Introduction to Mendelian Randomization

Feb 27, 2020

Hello everyone,

My project will use Mendelian Randomization and R to assess whether a relationship exists between sleep habits (chronotype, duration, etc.) and lung cancer. In 2019, California signed a state law that would delay school start times past 8:30 A.M with the intention of improving teenagers’ health. Though the impact of the law is controversial at the moment, this link between sleep and health is worth investigating.

One way to determine cause and effect between sleep duration and lung cancer experimentally would be to separate subjects into groups, enforce a certain amount of sleep each night for each group, and then compare lung cancer development across groups. However, this is neither practical or ethical.

Observational studies and surveys do not suffice either due to confounding effects. A confounding variable affects both the independent and dependent variable, which can induce a false association between the two. For instance, if a statistician were to study the relationship between expensive running shoes and 100-meter times, he might find that more expensive shoes are correlated with faster times, and may conclude that expensive shoes cause people to run faster. However, this is incorrect, as confounding variables are not taken into account. Elite runners are more likely to invest in expensive shoes. Thus, the expensive shoes are just associated with elite runners and are not actually responsible for the faster times.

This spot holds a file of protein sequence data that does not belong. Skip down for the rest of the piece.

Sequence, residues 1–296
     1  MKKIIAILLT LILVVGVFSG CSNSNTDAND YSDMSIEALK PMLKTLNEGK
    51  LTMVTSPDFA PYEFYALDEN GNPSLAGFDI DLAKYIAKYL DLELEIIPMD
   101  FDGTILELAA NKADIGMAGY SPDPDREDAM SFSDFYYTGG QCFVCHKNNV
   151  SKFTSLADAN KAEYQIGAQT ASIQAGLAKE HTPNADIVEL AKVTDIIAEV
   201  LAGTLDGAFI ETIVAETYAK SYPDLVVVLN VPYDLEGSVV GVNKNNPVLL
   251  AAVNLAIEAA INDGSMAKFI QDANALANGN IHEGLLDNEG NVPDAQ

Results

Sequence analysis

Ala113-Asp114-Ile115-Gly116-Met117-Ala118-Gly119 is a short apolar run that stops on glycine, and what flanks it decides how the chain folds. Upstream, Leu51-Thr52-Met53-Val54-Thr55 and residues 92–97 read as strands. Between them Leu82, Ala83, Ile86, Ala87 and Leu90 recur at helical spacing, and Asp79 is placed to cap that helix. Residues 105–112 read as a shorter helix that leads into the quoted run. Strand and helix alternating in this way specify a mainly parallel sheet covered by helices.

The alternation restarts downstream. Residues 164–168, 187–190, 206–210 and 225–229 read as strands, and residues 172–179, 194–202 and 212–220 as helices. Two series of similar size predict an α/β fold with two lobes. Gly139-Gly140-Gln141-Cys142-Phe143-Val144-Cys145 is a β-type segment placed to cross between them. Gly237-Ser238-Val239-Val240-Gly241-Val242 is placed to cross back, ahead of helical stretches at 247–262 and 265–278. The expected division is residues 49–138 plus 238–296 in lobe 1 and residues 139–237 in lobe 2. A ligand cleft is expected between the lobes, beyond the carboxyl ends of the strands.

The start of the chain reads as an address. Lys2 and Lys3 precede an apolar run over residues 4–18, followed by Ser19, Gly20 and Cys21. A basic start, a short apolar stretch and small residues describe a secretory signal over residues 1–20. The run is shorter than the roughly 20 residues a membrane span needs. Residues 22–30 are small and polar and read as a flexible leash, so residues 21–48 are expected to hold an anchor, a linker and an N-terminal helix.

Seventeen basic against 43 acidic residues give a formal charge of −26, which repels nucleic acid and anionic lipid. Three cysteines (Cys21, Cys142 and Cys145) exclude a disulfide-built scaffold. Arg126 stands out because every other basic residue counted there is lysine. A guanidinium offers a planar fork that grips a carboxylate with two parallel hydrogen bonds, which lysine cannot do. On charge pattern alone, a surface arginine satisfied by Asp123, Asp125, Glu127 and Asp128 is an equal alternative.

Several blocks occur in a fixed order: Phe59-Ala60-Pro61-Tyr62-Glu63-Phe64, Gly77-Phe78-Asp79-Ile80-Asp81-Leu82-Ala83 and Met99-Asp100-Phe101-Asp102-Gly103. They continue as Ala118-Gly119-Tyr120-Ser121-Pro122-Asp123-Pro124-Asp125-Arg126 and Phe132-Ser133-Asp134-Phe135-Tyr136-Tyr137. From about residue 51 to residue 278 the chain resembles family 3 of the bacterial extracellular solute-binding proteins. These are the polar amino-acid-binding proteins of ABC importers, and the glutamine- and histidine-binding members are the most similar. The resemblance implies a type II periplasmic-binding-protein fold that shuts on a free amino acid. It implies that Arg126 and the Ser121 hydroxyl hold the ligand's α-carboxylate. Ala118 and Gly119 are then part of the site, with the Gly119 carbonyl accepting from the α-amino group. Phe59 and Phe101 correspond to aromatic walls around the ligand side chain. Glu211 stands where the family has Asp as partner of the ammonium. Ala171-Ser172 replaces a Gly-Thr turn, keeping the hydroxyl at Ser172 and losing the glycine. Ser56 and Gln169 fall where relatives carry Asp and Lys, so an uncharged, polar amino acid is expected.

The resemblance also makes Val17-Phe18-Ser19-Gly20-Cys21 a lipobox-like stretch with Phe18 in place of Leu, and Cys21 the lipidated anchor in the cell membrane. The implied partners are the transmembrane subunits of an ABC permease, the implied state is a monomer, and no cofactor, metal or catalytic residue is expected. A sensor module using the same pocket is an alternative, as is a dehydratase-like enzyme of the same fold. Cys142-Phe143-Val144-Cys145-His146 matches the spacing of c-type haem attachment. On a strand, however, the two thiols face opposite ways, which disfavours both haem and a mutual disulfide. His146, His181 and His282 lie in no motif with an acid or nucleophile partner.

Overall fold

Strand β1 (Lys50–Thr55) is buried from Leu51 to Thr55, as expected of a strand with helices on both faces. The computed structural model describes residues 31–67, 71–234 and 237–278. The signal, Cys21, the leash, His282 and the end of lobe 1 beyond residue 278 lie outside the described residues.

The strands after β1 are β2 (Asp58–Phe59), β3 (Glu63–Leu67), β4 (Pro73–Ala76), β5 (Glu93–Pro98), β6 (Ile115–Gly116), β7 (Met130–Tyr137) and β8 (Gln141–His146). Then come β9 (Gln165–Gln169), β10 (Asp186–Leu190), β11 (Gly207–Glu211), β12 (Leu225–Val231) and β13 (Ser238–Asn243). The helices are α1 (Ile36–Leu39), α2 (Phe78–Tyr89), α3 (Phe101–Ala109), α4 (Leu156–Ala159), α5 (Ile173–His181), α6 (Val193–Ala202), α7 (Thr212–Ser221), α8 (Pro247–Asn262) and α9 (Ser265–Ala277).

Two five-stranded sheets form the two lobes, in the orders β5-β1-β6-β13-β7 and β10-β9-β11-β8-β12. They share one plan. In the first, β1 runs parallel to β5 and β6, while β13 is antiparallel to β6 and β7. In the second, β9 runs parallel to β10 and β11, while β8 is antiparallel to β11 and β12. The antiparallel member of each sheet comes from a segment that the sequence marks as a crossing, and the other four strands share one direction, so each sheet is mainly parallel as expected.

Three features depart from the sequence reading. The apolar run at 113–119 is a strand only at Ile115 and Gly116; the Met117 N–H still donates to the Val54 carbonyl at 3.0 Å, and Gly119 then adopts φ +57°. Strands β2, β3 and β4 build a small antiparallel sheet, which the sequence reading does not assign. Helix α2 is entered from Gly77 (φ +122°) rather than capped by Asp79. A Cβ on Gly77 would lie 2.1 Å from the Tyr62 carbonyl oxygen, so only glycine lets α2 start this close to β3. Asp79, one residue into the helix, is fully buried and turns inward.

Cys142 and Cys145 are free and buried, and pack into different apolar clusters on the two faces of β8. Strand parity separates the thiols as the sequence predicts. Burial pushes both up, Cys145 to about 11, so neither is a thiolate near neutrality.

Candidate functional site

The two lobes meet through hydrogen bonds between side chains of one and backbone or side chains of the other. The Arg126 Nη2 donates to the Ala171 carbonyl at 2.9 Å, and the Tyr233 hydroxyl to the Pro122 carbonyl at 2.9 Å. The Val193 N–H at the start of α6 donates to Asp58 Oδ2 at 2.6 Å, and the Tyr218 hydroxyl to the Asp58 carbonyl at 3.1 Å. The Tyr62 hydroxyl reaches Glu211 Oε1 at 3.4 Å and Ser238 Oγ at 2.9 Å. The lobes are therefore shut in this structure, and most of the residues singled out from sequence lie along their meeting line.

Mendelian Randomization circumvents these confounding effects by using genetic variants (i.e. single-nucleotide polymorphisms (SNPs)) as instrumental variables (IVs) in studying the relationship between a risk exposure (chronotype, sleep duration, etc.) and an outcome (lung cancer). Because genetic markers are fixed at birth, they are less likely to be related to potential confounders. We identify SNPs known to be strongly associated with the risk exposure and do not directly affect the outcome. If we find an association between the IVs and the outcome, then we can conclude that the risk exposure must have an impact on the outcome.


2 Replies to “Introduction to Mendelian Randomization”

  1. Thomas E. says:

    This kind of research is much needed in today’s day and age. Keep up the good work!

  2. Lieselotte D. says:

    Considering how little sleep I know some of our classmates get, this research will be very interesting. I can’t wait to see what else you do.

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